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READY PLAYER ONE gets 6.5/10 Retromancer

Directed by Steven Spielberg
Starring Tye Sheridan, Olivia Cooke, Ben Mendelsohn, Lena Waithe

6.5/10

In the year 2045 much of humanity has fled into a virtual construct known as the OASIS to escape the various ills that plague the world. There their work and play can be pursued, restricted only by your imagination and the amount of coin that you have accrued during your time in the game. When its creator (Halliday/ Anorak played by Mark Rylance) died, he left a mystery, a last Easter egg for players to pursue, and a promise of control over OASIS to the one who finds it. Five years later only the hard core egg hunters (Gunters) and the force of the rival Innovative Online Industries (Sixers) seek Anorak’s Quest. Wade Watts (Tye Sheridan), might have an unsatisfactory life in the slum of The Stacks in the real world, but in OASIS his avatar Parzival might have the clue to unlock the first of three keys to the secret prize. With Art3mis (Olivia Cooke), and the other Gunters help, he might be able to find it before the forces of IOI (led by Ben Mendelsohn) assert their control.

Adapted from the best-selling novel Ready Player One is reliant on the sheer power of nostalgia for its buzz. The film (and the book) plough into this with a hoard of pop culture references and all the fervour of a kid diving into a toy chest. Ready Player One frequently and proudly lifts up a new toy to show you hoping that you get the reference and have the same nostalgic attachment to it. After a while, your eyes can glaze over wishing for something more substantial and a deeper critical understanding of why these symbols of a bygone era hold such cultural relevance in 2045, rather than merely being the cherished gems of the OASIS creator’s childhood. But then it’ll win you back with a deep cut (or not so deep – who’re we kidding) reference that feels tailored for you, and makes you feel special for getting. It doesn’t cover how ultimately hollow this film is, but it does go some way to explaining it’s appeal, and how in the hands of a master emotional director, it has been positively weaponised.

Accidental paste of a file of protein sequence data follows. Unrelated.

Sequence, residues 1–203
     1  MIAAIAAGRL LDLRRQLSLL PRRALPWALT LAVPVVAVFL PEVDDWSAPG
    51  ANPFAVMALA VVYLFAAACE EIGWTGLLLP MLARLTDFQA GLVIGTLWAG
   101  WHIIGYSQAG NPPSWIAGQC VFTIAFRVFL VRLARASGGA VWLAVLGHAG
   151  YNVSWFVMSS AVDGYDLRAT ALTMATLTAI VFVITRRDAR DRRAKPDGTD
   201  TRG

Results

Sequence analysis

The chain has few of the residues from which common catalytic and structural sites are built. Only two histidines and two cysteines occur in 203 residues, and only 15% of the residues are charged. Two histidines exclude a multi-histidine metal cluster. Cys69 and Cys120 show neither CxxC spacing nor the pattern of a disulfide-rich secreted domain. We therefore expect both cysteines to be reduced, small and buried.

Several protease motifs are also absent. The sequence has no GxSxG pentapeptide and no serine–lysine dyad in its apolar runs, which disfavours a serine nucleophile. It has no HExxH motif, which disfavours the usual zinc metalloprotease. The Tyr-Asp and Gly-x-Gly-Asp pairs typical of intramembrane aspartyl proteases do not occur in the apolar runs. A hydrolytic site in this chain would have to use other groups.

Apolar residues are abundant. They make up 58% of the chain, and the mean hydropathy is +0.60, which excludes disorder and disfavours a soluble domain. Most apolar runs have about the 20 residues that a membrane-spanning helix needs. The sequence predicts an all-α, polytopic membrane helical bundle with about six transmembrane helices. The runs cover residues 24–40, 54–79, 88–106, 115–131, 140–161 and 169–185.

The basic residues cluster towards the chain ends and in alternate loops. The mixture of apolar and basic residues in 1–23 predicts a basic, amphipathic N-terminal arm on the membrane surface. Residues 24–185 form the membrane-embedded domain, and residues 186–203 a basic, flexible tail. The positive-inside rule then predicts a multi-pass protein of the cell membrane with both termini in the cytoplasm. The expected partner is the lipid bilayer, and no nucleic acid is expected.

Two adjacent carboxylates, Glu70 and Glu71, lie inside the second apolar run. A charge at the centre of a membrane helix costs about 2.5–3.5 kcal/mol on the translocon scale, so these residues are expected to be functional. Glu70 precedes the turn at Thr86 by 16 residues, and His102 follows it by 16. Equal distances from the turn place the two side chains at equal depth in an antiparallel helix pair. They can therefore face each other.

And Spielberg is certainly a master of emotions. From the initial chords of Van Halen’s Jump he attempts to sweep you up in that same nostalgia for the cinema of the 80s, priming you for an action adventure romp. Which is probably the best way to approach this film, as he works with the thin plot that the novel has given him, and makes the best of it. It is big on flash, delivering on some spectacular large-set pieces, and emotionally engaging with an audience (at least on a superficial level), while being incapable of an intellectual connection. Its ideas of struggling for effectively net neutrality, while fighting against further corporatization of OASIS (tiered access, increased advertising, and slaved gold miners) are noble, but underdeveloped. This also demonstrates a curious lack of self awareness in a film that effectively blurs the line between Easter egg and product placement in its worship of consumer culture.

All of which leaves you with the sensation that this is a film that is of the moment, but that history may not be kind to it. Still Ready Player One does deliver on its promise of spectacle while painting its plot in big broad brush-strokes, and will appeal to viewers based on their connection to the pop cultural references it is playing upon. For me personally, that may not be enough, leaving me with a sense of ambivalence about the film and wanting something deeper from some of the intriguing plot points it does raise, rather than watching another played out video game sequence. However, based on audience reaction, I might be in the minority.

DAVID O’CONNELL

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